02/16/2006 1:00AM

Sunshine Alpine looks headed to the West


OZONE PARK, N.Y. - Gary Contessa believes Sunshine Alpine has a bright future as a two-turn horse. Contessa, Aqueduct's leading trainer this winter, just isn't sure he'll get the chance to find out first hand if he's right.

A deal to sell Sunshine Alpine to California-based owner Joseph Kowal was finalized earlier in the week. Contessa will get to saddle Sunshine Alpine one more time, in Saturday's $65,000 Fred "Cappy" Capossela Stakes here at six furlongs, before likely shipping him to the West.

"I believe he's eventually going to California," said Contessa, who won his inner-track leading 41st race on Thursday. "This is winter racing, the horse likes the track, he's undefeated, and it's not like it's Secretariat we're running against in here."

, a Maryland-bred son of Gold Case, is 2 for 2, having won both his races sprinting. He closed powerfully in both races to win going away and was particularly strong in the stretch of his entry-level allowance win on Feb. 1. It was that performance that drew the offers for Sunshine Alpine, and co-owners Maggi Moss and the Sunshine Hill Stable decided to accept one.

Contessa, who had purchased Sunshine Alpine for $30,000, has never been averse to selling a good horse. The sale price of Sunshine Alpine was not disclosed. A few years ago, Contessa sold Peace Rules - a horse he bought for $30,000 - for $350,000 and Peace Rules went on to win more than $3 million for owner Ed Gann and trainer Bobby Frankel.

Had the sale of Sunshine Alpine not gone through, Contessa would likely have skipped the Capossela and looked for a second-level allowance race around two turns, then presumably run in the Gotham here on March 18.

"I'd like to be the guy who finds out how good he is around two turns," Contessa said. "But he was sold, and [changing trainers] would be his prerogative."

Kowal did not return phone calls seeking confirmation of his plans for Sunshine Alpine following the Capossela.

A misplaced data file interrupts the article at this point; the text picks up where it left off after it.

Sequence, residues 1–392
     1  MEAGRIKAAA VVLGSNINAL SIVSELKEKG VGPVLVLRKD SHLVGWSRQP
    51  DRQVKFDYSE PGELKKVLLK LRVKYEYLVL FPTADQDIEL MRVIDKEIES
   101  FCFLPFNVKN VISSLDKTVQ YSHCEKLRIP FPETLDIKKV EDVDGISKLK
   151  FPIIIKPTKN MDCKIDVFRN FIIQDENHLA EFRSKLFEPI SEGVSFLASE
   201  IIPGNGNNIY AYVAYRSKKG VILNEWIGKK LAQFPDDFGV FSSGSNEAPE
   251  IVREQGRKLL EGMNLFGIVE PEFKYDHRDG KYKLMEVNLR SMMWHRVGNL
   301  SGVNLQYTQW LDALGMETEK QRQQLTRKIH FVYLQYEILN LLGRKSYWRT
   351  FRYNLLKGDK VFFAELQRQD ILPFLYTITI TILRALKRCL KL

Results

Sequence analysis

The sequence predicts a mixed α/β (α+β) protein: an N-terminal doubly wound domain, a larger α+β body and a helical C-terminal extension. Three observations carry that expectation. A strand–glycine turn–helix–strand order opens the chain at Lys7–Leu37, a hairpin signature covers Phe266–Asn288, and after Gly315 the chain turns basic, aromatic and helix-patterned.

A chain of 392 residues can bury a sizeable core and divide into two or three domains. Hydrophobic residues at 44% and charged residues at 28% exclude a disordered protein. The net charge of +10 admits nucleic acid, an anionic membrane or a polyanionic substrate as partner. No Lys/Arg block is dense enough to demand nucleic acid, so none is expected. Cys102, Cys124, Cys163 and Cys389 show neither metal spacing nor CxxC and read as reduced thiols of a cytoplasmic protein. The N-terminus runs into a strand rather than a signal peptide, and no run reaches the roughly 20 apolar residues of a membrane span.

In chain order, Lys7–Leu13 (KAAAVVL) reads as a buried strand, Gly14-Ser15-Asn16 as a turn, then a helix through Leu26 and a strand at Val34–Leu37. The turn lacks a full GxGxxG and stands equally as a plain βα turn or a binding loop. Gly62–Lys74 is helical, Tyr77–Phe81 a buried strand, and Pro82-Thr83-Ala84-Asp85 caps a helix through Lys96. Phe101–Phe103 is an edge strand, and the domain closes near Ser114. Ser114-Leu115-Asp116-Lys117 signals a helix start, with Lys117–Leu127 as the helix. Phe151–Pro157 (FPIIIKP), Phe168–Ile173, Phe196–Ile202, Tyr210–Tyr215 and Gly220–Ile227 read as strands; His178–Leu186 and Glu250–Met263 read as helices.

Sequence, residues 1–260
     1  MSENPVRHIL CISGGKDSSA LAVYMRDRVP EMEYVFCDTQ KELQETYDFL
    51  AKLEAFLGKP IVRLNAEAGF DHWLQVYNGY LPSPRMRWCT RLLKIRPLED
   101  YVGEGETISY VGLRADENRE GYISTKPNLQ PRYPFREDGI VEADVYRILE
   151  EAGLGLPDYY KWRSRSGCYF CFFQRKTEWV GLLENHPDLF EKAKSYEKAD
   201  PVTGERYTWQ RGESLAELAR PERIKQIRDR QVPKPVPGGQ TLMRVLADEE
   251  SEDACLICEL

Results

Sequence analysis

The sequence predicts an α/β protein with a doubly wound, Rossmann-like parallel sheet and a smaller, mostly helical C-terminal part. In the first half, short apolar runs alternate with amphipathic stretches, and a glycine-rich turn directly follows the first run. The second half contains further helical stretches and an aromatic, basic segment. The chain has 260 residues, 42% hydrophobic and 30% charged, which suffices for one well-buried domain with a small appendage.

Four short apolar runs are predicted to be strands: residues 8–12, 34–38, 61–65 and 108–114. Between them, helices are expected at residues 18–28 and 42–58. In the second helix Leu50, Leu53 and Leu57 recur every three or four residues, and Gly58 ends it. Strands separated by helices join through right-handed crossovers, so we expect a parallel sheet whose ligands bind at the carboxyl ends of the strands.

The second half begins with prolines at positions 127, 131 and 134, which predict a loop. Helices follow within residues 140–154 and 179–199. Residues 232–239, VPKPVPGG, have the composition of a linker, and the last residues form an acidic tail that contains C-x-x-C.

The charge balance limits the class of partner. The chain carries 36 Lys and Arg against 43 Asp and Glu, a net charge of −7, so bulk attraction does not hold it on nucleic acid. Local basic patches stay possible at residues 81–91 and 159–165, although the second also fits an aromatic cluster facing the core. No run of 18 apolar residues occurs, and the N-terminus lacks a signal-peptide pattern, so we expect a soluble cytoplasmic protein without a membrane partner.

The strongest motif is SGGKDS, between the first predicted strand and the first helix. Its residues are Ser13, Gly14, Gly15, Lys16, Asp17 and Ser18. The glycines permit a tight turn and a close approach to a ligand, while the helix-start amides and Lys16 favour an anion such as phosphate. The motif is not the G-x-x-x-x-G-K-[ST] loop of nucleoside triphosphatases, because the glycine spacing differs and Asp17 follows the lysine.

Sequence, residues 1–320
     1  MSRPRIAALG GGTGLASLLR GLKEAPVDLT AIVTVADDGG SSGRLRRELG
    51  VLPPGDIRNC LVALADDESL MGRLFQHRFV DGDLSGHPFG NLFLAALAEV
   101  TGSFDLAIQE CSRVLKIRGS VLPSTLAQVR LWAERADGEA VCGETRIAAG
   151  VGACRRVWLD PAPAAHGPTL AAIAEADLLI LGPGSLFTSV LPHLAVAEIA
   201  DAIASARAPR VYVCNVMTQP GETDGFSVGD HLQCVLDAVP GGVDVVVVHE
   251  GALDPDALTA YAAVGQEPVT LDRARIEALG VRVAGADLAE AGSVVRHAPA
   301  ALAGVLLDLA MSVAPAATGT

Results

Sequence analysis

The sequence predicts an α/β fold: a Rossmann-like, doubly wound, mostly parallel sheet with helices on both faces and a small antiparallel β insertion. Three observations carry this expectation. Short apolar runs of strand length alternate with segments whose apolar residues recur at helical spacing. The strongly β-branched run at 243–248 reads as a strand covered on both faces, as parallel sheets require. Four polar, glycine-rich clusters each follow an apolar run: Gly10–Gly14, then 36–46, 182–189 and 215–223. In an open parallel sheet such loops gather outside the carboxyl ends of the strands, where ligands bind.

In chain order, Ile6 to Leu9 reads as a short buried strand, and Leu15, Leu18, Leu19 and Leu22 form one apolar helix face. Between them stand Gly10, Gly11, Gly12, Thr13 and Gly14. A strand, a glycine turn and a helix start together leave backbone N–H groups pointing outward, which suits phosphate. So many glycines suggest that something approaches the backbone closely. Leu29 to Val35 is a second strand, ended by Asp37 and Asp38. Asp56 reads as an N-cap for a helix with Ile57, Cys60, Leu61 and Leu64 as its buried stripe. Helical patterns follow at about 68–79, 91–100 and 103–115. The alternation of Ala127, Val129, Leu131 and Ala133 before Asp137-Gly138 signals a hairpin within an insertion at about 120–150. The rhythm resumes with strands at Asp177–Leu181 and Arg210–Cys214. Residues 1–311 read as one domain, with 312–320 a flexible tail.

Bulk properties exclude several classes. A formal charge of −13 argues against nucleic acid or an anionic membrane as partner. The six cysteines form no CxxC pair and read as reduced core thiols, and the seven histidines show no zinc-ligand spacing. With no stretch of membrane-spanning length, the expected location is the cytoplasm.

Migliore cleared to ride

Jockey Richard Migliore, injured in a paddock accident last Oct. 20 at Belmont Park, has received medical clearance to ride and began getting on horses in the morning in south Florida on Tuesday. Migliore said he remains on course to return to race riding on March 1 in New York.

Migliore arrived in south Florida on Monday and spent the next three mornings getting on horses at Payson Park and Palm Meadows, two training centers in south Florida.

"It's really going well," said Migliore, who suffered a broken leg and injured his Achilles tendon in a paddock accident at Belmont Park. "I feel great. I breezed a horse out of the gate [Wednesday] at Payson Park, and I feel like I'm really close. I got the okay from my doctor, and I told him that I wouldn't ride again until March 1. I kind of want to call and renege on the deal."

Migliore, who will turn 42 on March 14, said he felt sore in some areas, "but not as bad as I thought it could be."

"I did much more preparation in the gym this time before coming back than I've ever done before," Migliore said. "My fitness level is really good. Obviously, you have to ride to exactly simulate what you're doing, but as far as my air and my strength cardiovascular-wise and aerobic-wise, I feel great. I plan on being here for another week getting on horses and then head back to get on horses back in New York. By March 1st, I should be more than good to go."

Bold Decision gets green light

Trainer Laurie Lafavers said she received permission from the surviving members of Buckram Oak Farm to run Bold Decision in Sunday's $65,000 Hollie Hughes Stakes here at six furlongs.

Plans for all the Buckram Oak horses had been on hold following the death of Mahmoud Fustok, the head of Buckram Oak, on Feb. 9. Lafavers, who trains four horses for Buckram Oak, also entered Stars Above in a second-level allowance for Saturday.

Though bred like a sprinter, Bold Decision is a tall, lanky horse who is built more like a router. Lafavers has unsuccessfully tried to stretch Bold Decision out in distance, and his three wins have come at six furlongs or shorter. That includes a victory in the Say Florida Sandy Stakes for New York breds in June.

"I tried to stretch him out, but he doesn't want to," Lafavers said. "He just has so much speed. He's built to go a mile and a quarter."

Lafavers, who had trained horses for Mahmoud's brother Moustapha before getting affiliated with Buckram Oak, said a win in the Hollie Hughes would be special.

"I'd love for him to win for Mahmoud," Lafavers said. "When he sent me those horses he told me how much he loved them. With what horses I have for him this horse he really thought was a little special."

Toups may have concussion

Apprentice jockey Randall Toups was taken to North Shore University Hospital with a possible concussion after being tossed from his mount, Mambo Loco, in Thursday's fifth race. Toups's helmet came flying off when a trailing horse stepped on Toups, who remarkably got up and walked to the ambulance on his own.

Toups, who was also complaining of back pain, was taken off his remaining two mounts on the card.